New cancer ‘wonder’ drugs trigger cancer spread to bones

By on February 20, 2013

(NaturalNews) Most cancer drugs are used to hopefully kill tumors and keep  malignancies from spreading. Unfortunately, new research from the Washington  University School of Medicine in St. Louis raises serious concerns that  Big Pharma’s highly touted class of cancer drugs known as IAP antagonists  actually increases the risk of tumors spreading to bone.

“These  investigational drugs are getting broad attention right now because they seem to  be very effective against primary tumors,” senior author Deborah V. Novack, MD,  PhD, associate professor of medicine, said in a media statement “There is also  excitement because until now, these drugs have not appeared to have major side  effects.”

However, the study by Novack and her research team (just  published in the journal Cancer Discovery) reveals that while the IAP  drugs target a protein that makes tumors vulnerable to death, the same protein  also over-activates cells called osteoclasts which are responsible for tearing  down bone. The risk for patients? Potentially, IAPs can trigger the bone  weakening disease osteoporosis and, even more worrisome, they may cause  metastasis of cancer to the bones.

Numerous IAP antagonists are already  in early clinical trials against breast, lung, pancreatic, ovarian, prostate,  liver, skin and blood cancers. While these phase one or two clinical trials look  at the short-term safety and effectiveness of new drugs, the researchers say  they may not catch bone metastasis. “These trials do not necessarily look for  long-term effects of the drugs,” Chang Yang, MD, PhD, staff scientist and the  paper’s first author said in the press statement. “If the cancer is going to metastasize to bone, it may take six months to two years to see that  outcome. This may not be seen during the clinical trial.”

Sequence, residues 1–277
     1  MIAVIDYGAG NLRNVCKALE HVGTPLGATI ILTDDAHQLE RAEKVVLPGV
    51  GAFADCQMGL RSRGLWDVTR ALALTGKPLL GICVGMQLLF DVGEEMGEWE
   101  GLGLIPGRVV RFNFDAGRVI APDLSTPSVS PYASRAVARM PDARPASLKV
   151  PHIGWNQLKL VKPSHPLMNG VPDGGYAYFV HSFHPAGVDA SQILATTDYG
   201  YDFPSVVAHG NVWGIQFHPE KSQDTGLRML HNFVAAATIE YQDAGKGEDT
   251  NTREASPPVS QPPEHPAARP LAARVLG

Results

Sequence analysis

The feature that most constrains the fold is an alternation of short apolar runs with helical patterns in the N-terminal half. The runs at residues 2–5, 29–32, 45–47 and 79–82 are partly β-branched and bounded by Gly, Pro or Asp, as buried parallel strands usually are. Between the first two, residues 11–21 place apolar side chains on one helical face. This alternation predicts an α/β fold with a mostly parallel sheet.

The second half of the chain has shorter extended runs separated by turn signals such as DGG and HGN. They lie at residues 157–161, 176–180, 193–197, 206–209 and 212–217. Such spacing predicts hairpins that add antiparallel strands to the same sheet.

Due to  the study’s findings, Novack has gone on record urging cancer specialists  oncologists to consider protecting the bones in people taking IAP  antagonists, including patients with cancers that don’t typically spread to  bone. “For many of these cancers, doctors are not watching bone,” Novack says.  “Osteoporosis is not the biggest concern when treating cancer, but if they’re  not doing bone scans, they  may miss a cancer spreading to bone.”

Normally, osteoclasts work  alongside other normal cells to build new bone. But because IAP antagonists  over-activate osteoclasts, bone ends up being destroyed and not replaced.  Working with experiments on mice, the scientists showed that the drug led to osteoporosis and created an environment that encouraged tumor growth in  degrading bone, even while killing breast cancer cells in other parts of the  animals’ bodies.

As Natural News has previously reported, other cancer drugs have also  been found to possibly promote the disease they are supposed to fight. For  example, according to findings published in the Proceedings of the National  Academy of Science by researchers at the George Whipple Laboratory for  Cancer Research at the University of Rochester Medical Center, hormone  therapy for prostate cancer can cause a revving up of other prostate cell growth  and lead to a proliferation of cancer cells in the future. In addition,  researchers with the University of Alabama at Birmingham (UAB) Comprehensive  Cancer Center and UAB Department of Chemistry were awarded an  $805,000 grant from the U.S. Department of Defense Breast Cancer Research  Program in 2010. The goal? To investigate the very real possibility that dead  cancer cells left over after chemotherapy spark cancer to spread to other parts  of the body.

Editor’s note: Natural News is opposed  to the use of animals in medical experiments that expose them to harm. We  present these findings in protest of the way in which they were acquired.

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